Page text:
Lions in SA

De Villiers 'in fairyland'

2009-07-07 11:27
Peter de Villiers (File)
Cape Town – Springbok coach Peter de Villiers continues to get damning personal reviews after the British and Irish Lions tour, with National Planning Minister Trevor Manuel’s spirited defence seemingly a voice in the wilderness.

Manuel said on Tuesday that De Villiers’s critics would do well to examine statistics before calling for his head.

But majority sentiment in the media, both home and abroad, retained high levels of scorn on Wednesday against the controversial coach despite the World Cup champions edging the series 2-1.

Jeremy Guscott, the former Lions centre whose dropped goal sealed the 1997 series in favour of the tourists, said De Villiers was “away with the fairies”.

In his BBC column, Guscott, who was a popular addition to SuperSport’s coverage of the latest series, said that “in marked contrast … (Lions mastermind) Ian McGeechan was Obama-esque with his choice of words at press conferences and after-match interviews.”

Praising the Boks for their win, Guscott added: “In sport, as with life in general, we don’t live in a world of ifs, buts and maybes. It’s tough out there, and only the strong survive. South Africa proved they were the strongest. But only just.”

Eddie Butler, in his tour wrap for the Guardian, said: “There were so many contrasts – for instance the coaching styles of Peter de Villiers and Ian McGeechan, one highly excitable, the other as measured as the middle of the net on Centre Court.”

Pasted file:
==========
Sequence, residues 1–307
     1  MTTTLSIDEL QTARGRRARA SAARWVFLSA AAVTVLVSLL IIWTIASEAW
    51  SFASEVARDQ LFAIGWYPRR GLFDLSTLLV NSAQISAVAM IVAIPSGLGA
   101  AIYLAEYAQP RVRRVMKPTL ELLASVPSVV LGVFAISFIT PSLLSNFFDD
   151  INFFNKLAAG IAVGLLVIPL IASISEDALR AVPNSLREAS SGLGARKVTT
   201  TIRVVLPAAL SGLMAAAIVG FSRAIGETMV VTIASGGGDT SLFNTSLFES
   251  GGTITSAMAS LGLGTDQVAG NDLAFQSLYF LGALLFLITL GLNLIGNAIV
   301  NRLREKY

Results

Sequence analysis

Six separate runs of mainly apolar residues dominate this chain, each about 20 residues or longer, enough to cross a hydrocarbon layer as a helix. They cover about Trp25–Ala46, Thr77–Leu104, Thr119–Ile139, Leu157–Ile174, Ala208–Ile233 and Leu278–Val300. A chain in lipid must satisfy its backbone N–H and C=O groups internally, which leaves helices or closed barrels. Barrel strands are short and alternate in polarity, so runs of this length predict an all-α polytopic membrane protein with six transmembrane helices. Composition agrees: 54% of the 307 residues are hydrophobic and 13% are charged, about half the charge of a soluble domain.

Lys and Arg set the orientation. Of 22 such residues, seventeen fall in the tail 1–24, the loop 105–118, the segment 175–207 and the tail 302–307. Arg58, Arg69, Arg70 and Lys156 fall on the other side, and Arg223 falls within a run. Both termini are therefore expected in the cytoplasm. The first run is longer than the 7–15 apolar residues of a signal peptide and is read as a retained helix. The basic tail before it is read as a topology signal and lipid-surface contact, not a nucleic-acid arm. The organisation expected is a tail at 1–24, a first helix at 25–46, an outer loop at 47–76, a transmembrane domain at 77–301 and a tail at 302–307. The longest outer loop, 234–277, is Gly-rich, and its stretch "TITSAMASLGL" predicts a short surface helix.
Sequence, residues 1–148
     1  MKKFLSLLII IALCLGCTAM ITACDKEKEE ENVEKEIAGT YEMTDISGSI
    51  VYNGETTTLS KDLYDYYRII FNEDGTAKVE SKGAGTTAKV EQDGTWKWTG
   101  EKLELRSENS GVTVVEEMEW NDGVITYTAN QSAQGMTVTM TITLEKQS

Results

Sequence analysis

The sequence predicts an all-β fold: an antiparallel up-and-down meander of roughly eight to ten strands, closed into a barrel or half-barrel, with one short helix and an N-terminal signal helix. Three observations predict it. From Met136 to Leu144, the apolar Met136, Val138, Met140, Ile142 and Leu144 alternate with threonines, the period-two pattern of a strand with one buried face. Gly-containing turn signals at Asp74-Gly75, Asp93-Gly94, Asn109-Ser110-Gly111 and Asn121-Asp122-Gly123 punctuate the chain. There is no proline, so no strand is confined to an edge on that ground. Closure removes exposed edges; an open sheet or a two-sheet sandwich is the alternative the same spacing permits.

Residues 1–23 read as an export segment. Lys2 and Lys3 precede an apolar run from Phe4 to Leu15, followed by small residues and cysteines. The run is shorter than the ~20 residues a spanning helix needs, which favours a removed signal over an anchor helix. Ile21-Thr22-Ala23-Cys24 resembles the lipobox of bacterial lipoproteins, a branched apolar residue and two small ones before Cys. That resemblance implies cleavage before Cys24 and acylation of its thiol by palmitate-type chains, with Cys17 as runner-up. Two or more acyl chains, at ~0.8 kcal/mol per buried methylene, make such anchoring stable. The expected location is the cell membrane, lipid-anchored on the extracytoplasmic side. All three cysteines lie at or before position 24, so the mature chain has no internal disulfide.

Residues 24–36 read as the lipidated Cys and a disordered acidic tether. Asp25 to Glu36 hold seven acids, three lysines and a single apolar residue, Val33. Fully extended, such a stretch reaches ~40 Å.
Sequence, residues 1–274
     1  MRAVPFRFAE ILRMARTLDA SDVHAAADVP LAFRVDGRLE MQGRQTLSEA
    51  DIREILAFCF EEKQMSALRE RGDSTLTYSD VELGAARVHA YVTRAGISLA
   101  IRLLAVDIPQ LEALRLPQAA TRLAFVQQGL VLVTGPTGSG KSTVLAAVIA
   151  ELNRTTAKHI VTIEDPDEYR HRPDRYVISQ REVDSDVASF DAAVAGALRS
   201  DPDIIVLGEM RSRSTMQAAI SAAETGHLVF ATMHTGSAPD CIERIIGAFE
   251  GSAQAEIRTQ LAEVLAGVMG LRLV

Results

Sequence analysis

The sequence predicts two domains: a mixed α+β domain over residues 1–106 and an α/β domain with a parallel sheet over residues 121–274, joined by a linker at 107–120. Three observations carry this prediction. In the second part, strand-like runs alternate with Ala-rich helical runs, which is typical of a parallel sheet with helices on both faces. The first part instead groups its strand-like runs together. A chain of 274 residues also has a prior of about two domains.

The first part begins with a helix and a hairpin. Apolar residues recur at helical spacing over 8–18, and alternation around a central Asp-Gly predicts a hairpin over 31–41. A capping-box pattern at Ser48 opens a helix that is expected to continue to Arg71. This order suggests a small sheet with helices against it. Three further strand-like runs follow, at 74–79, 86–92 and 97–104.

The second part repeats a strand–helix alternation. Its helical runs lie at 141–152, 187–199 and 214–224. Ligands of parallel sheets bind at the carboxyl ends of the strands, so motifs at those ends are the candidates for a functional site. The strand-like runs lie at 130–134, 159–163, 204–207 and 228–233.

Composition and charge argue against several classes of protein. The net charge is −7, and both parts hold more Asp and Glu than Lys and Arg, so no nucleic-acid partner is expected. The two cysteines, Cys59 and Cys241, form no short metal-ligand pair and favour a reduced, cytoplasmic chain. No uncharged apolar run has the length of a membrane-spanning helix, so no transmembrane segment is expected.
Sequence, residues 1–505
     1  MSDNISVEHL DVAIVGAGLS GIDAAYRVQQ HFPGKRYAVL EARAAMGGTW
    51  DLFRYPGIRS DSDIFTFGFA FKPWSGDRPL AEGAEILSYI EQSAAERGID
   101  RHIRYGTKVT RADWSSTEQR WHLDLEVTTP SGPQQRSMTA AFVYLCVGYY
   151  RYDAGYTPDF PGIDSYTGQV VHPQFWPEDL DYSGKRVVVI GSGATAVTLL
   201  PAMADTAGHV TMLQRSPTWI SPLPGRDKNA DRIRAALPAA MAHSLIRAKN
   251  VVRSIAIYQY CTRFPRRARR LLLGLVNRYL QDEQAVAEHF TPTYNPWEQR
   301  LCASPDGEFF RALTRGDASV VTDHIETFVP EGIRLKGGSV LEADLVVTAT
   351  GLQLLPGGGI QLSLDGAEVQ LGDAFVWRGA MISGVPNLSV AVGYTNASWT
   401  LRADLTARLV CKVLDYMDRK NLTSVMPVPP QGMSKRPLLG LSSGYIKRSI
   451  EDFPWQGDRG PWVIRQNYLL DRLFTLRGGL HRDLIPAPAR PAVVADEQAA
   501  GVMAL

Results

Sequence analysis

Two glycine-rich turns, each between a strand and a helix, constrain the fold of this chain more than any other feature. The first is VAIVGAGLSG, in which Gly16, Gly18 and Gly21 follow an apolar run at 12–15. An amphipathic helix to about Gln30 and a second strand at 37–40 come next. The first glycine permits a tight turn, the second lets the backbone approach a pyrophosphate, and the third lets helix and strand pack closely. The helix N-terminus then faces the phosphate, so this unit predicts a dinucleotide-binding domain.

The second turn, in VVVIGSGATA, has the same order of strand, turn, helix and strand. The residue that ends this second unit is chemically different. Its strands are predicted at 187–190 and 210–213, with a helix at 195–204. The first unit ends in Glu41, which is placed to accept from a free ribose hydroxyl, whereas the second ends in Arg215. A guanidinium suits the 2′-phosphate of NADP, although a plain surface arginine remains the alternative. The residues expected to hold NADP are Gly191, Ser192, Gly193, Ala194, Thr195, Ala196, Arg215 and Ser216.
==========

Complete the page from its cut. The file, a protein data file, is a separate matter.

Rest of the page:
And Nick Cain of The Times persisted with the fairly widely-held view that De Villiers is relatively impotent as a strategist.

“There are rumblings already about the quality of the coaching and tactical planning being offered by De Villiers, with strong rumours that the squad is being run by captain John Smit and a group of senior players, and that they are re-visiting a Jake White 2007 blueprint which is becoming staler by the day.

“Smit is a great Springbok captain, but the halo slipped at Ellis Park with his advocacy of the ‘Justice 4 Bakkies Botha’ white armband protest, and a stronger coach with better judgement than De Villiers would have nipped it in the bud.

“He would have also told his bench to stop larking around on the pitch like kids minutes before the kick-off of a Test in which they were given a lesson by a Lions side playing for pride.”

Back home, Manuel’s protest, revealingly, was not shared by government colleague Makhenkesi Stofile, the Minister of Sport.

Stofile was quoted by the domestic Daily News newspaper as saying: “The role of the coach is to prepare the team. I know Peter well and like him, but the more he talks, the more confused he gets.

“He can get away with making colourful remarks while we are winning, but when we are losing it will be a serious problem.

“He will be the first to be fired and he has to sober up.”


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